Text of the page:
[PATCH wayland-protocols v2 2/2] Introduce pointer locking and confinement protocol

Daniel Stone daniel at fooishbar.org
Mon Jan 18 10:28:29 PST 2016


On 15 January 2016 at 19:30, Bill Spitzak <spitzak at gmail.com> wrote:
> On Fri, Jan 15, 2016 at 8:08 AM, Daniel Stone <daniel at fooishbar.org> wrote:
>> The proposed one-shot-but-delayed request to me felt like a really
>> awkward compromise between the two, and not really one backed up by a
>> strong enough usecase to justify a third (delayed but not retained)
>> model for requests taking effect.
>> It's entirely possible that there's something I'm missing here, but
>> for consistency if nothing else, having the split instead be between
>> these two classic methods (oneshot-immediate vs. fully-retained,
>> rather than oneshot-delayed vs. fully-retained) could be good for
>> future versions.
> I would agree there is something missing here.
> I do not see any reason for anything other than a "one shot" which is
> created by the client *AFTER* it receives the possibly-triggering input
> event.

I can see the reasoning behind it, at least. I'm not sure I agree, but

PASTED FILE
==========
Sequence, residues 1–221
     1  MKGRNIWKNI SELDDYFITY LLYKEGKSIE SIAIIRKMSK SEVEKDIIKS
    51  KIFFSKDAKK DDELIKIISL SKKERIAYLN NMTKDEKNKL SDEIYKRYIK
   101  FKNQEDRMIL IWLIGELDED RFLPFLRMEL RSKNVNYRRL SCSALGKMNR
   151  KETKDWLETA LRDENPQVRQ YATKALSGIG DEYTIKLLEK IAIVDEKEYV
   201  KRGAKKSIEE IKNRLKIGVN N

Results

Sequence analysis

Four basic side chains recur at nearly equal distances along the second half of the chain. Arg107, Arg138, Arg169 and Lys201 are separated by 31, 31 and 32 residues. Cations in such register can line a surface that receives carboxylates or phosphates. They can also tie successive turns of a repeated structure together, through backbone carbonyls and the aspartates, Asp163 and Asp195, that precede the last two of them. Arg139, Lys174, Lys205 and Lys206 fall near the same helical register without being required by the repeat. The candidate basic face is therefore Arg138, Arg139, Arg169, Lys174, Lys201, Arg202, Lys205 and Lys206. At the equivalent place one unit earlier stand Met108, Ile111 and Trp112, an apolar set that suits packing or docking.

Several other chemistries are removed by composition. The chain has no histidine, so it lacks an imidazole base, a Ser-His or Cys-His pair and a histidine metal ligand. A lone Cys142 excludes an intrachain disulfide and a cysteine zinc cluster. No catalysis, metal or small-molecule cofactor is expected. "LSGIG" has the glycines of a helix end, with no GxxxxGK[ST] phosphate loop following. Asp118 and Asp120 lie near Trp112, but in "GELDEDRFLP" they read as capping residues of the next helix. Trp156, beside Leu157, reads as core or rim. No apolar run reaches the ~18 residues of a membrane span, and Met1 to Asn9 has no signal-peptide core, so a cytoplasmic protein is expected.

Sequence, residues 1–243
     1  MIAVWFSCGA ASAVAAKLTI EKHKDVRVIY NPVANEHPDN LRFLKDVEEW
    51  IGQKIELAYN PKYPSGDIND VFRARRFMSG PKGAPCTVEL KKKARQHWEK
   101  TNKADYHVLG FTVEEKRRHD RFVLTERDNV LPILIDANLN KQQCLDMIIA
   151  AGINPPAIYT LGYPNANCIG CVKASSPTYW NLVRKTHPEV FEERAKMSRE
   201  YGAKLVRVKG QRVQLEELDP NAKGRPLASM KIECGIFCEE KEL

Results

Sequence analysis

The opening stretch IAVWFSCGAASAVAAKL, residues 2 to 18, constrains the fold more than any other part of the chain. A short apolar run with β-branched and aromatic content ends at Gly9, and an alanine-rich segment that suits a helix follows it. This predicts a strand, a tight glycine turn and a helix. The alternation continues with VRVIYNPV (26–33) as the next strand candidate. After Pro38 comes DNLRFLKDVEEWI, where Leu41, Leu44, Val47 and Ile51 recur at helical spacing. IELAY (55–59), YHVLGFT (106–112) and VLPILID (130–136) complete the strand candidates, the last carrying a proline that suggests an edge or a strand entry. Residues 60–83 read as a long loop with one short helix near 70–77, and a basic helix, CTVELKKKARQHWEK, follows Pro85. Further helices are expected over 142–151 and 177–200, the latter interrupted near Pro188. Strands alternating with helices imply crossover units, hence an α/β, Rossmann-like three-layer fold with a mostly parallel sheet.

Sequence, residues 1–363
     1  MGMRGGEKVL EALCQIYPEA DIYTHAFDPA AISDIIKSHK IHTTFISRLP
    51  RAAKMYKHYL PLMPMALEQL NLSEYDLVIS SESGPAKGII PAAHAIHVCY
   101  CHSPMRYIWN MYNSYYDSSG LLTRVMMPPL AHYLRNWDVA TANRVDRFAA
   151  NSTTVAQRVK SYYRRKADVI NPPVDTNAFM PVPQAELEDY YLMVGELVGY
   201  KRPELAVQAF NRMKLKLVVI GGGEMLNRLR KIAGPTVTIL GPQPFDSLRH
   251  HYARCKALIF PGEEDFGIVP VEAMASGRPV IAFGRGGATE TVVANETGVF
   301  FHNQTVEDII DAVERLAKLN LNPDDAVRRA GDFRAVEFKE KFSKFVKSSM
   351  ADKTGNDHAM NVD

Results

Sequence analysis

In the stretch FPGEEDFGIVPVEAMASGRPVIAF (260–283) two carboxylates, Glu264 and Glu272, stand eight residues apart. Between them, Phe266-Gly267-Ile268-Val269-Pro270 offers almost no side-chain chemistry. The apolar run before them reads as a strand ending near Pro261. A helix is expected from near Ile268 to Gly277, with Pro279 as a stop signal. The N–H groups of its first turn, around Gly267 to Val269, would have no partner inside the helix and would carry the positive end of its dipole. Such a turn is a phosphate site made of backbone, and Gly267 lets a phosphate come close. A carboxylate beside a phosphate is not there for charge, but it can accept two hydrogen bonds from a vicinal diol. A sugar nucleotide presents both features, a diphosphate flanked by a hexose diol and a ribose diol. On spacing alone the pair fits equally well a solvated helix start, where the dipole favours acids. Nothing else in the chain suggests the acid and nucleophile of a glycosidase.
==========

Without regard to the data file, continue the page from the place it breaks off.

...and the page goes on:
those aren't the same thing.

> I am still waiting for a description of how one of these pre-set
> locks is triggered, I have serious doubts that any possible trigger could be
> something other than an action that would send an event to the client, or at
> a moment the client is doing something like configuring the surface.

Yes, the triggers would involve events being sent to clients indeed.
Codifying every exact trigger would be borderline impossible, and
unnecessarily restrictive to compositors, so I don't think there's any
need to do that.

> Nor do I see any problem with race conditions provided the one-shot request
> has an id for the triggering event:

The race here is that if you react on pointer entry, having a one-shot
request will mean that the events you get in between entry and the
request activating, won't be relative. I can imagine that being
frustrating to users.

> - Client can read relative motion events (these are identical whether or not
> pointer lock works,


Relative motion does not occur without lock.

Anyway, I think we all largely agree on the details, so let's look for
the implementations (compositor and client) both, and see what
real-world feedback falls out of those.


More information about the wayland-devel mailing list